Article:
Regular readers know that on Fridays I often part from my regular semi-practical advice format and just talk about something in the news that just catches my fancy. This week it’s a poll from SearchCIO (conducted among 875 senior and mid-level IT executives across all markets) that bears out the following:

CIOs who earn the highest salaries make building relationships with top executives more of a priority than managing projects the IT team is doing.

TechTarget’s senior news writer, Linda Tucci, wrote a piece about this part of the survey.

She said,

“High earners appear to enjoy better relationships with their bosses and the business than do those who make less. They get strong support from executive management, and their IT teams are praised by the business. Despite the good opinion they say the business has of IT, however, these earners tend to judge their own IT teams more harshly than do their counterparts earning less.”

I have to admit that, upon first reading, the phrase “enjoy better relationships with their bosses” stuck out and not with a positive connotation. I think we’ve all seen our share of superficial managers who make more of an effort to look good for their boss and their boss’s bosses than they do making their own team an efficient and workable unit. God knows I’ve heard enough from disgruntled IT pros who are stuck doing impossible projects because their managers have signed them on in order to look good to the CEO.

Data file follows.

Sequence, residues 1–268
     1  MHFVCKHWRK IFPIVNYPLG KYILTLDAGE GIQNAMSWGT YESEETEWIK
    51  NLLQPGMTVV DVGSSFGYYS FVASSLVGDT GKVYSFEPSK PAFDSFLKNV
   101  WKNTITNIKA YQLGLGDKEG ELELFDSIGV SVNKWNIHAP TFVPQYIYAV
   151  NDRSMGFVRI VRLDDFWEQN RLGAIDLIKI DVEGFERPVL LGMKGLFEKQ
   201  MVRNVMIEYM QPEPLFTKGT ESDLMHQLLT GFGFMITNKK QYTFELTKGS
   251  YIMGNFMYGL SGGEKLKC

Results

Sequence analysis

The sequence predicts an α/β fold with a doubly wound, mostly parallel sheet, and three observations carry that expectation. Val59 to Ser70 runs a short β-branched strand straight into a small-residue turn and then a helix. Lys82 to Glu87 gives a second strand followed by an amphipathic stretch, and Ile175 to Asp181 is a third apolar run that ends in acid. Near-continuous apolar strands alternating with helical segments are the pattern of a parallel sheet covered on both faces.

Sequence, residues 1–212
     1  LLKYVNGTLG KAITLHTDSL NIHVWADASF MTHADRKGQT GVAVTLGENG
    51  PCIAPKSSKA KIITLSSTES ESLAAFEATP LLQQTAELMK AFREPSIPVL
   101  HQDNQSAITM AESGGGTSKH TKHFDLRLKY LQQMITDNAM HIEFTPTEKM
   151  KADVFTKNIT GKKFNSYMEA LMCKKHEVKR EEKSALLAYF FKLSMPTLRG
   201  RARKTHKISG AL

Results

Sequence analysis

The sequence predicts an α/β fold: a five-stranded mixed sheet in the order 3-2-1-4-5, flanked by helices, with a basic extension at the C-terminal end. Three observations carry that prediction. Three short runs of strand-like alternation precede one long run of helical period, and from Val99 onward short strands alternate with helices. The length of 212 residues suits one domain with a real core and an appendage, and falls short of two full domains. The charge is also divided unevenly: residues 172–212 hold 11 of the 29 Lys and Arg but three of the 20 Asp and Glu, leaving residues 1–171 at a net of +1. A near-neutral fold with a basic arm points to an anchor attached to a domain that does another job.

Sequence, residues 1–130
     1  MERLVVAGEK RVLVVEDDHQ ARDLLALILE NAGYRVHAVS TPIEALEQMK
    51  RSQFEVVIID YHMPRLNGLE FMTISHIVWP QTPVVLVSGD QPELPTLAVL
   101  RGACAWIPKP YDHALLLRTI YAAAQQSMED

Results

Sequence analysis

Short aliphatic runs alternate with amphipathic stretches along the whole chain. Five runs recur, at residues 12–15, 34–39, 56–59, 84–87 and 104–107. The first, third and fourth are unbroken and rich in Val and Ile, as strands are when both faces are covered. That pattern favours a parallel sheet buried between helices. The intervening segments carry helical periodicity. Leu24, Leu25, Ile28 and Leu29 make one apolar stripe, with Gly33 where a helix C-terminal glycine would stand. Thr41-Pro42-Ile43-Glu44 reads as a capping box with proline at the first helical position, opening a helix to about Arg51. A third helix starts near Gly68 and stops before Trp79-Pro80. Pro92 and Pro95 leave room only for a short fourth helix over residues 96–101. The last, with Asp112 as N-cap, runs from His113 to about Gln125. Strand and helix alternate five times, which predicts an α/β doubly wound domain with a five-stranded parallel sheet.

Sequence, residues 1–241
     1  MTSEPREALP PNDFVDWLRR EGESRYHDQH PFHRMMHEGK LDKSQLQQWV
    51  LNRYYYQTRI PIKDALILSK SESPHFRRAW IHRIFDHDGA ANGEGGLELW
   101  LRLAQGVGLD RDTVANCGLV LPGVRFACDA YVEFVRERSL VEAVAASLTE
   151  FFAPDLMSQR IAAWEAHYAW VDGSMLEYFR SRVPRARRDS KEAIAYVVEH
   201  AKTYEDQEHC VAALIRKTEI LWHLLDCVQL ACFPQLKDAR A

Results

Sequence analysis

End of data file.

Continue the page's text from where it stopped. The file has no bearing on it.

But then I think this is really a matter of business/IT alignment coming to fruition. (A couple of years ago that phrase was used so often that if you’d been playing the drinking game with it, you’d be in rehab right now or living in a van down by the river.) The phrase and its ilk (“strategic alignment,” “Getting a seat at the C-table,” etc.) were all that anyone talked about for a while.

But you know what? Being batted over the head every day with the concept doesn’t take away from its importance. You have to break down silos of information between IT and the rest of the company.

And the part about being the highest paid CIOs being harder on the IT team? It’s easy to think that a CIO is harder on the team because he or she doesn’t gain anything by “winning it over.” And in some instances, I’m sure that’s the case. But I suspect that it can also come from an understanding of what the business needs and then trying to enforce it. If a CIO is more judgmental toward his team, then it might be because he sees what has to be done and is not seeing that his team is producing what it should.

The problem comes when the CIO has expectations that the team cannot meet, and he or she refuses to see that.